Do you like a “spot” unmarred by an etiquette-forced minor orgy? This writer complains that he can’t go into a local pub without being pulled into an expensive “circle.”
He’s right, too. It’s silly, this etiquette we’ve built around a simple noggin.
By F. R. MASON
WHAT I like about pubs is that they’re so free and easy. In a club or in your social circle you’ve got to conform to a certain fixed code of behavior; if a pub you’re just as free as air – or are you?
Unhappily for me, I’m not one of those men who are making a fortune out of the war.
I have to watch the pennies pretty closely, and sometimes I go into a pub wanting (and prepared to pay for) a pint of beer and no more.
If I go into a pub where I’m not known, that’s all right; but when I walk into my local intending to drink a modest pint, what normally happens is this: I run into half a dozen people who know me, and before I have time to ask for my pint I am greeted with: “What’ll you have?”
Now, I know that people with enormously forceful personalities will tell me that I ought to reply: “Thanks very much, but I’m buying my own.”
I am sure these people are right; but unfortunately I don’t happen to be one of these people with enormously forceful personalities.
I like to be matey. So I say:‘”thanks, mine’s a bitter.”
I then feverishly finger the shillings in my pocket and offer up a prayer (rarely answered) that none of the members of the assembled company is drinking “shorts.”
The result of this unavoidable piece of “pub etiquette” is that instead of my one drink I have six (which I don’t want) and also pay for six. Also, for the privilege of drinking six bitters I sometimes pay for six Scotches.
That’s silly enough, but the difficulties of Australian pub etiquette don’t stop there.
Half-way through the first round a couple of other people – strangers to me but known to one of our company – will come in.
Instantly this man will hail than joyfully, and the newcomers, with painfully, ill-simulated enthusiasm, will join our party.
I shall be formally introduced to Mr.Um-er and Mr. Er-um, and I shall realise that here are two more drinks to be paid for and two more unwanted rounds to be consumed with complete strangers!
Don’t imagine that this is the worst that “pub etiquette” can do to me.
During the second round of drinks some big-hearted, hospitable soul will suddenly discover that where as he is drinking Scotch I am drinking bitter.
Clearly this is an injustice not to be borne! So, in order to preserve his honor untarnished, either I must give up beer and take to Scotch (which I don’t like) or else I must drink pints of beer to his small nips of whisky, a contest in which I feel myself unfairly handicapped.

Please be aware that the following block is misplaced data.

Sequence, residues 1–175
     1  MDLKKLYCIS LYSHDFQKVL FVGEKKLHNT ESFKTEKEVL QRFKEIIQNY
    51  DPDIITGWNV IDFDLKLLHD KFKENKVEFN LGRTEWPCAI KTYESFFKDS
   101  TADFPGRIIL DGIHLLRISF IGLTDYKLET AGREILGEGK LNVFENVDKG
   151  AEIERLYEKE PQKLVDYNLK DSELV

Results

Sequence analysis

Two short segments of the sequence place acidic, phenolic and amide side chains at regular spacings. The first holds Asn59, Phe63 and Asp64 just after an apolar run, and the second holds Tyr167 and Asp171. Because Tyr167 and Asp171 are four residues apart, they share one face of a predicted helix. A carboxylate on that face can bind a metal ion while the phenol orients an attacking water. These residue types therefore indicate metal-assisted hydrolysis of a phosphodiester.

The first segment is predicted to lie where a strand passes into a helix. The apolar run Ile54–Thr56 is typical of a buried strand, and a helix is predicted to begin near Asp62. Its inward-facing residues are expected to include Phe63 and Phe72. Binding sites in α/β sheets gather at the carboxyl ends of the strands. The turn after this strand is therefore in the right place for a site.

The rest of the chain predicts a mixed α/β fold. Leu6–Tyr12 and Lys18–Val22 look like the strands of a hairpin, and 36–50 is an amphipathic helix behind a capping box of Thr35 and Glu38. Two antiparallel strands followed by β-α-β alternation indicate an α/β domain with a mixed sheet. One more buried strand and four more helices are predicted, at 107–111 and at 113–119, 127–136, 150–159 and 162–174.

SO VERY SILLY !
If i want a packet of cigarettes or a cigar in a pub, I may buy that for myself without comment.
Nobody suggests that I am under any obligation to buy cigarettes for the assembled company, or that every time Mr. X swallows a sausage I must swallow one as well.
Mr. X may well have a larger capacity for liquor than I have, but that doesn’t let me out. If he drinks I must drink, on pain of giving him undying offence.
I don’t want to see a “no-treating”order enforced. I am a firm believer in the sanctity attaching to hospitality, and I admit that to offer a man an alcoholic drink is in some mysterious way quite a different thing from offering him a cup of tea.
The Sacrament is celebrated in wine, and the miracle of Cana would have been less impressive if the water had been transformed into cocoa.
But I do most respectfully ask why I may not be permitted to refuse a drink on the simple but all-sufficing ground that I don’t want one.
After all, men exchange hospitality with cigarettes just as with drinks, but you need never accept a cigarette if you don’t want it.
You can proclaim yourself a nonsmoker without incurring any of the odium that attaches to the teetotaller, or you may decline merely for the reason that you have smoked enough.
If you refuse a drink on the same grounds, you will be first asked to have “a short one,” and then implored, pestered, and even commanded to have “one for the road.”
There can be no civilisation without convention, and etiquette of a sort is as essential in the pub as in fee drawing-room or the church.
But this kind of etiquette is as“phoney” as it is valueless; it is a sort of false good-fellowship that is divorced from any kind of real friendliness or companionship: It is beginning to make the pub an impossible meeting-place for the man of moderate means and limited capacity for alcohol.
– The World News (Sydney) Saturday 23 September 1944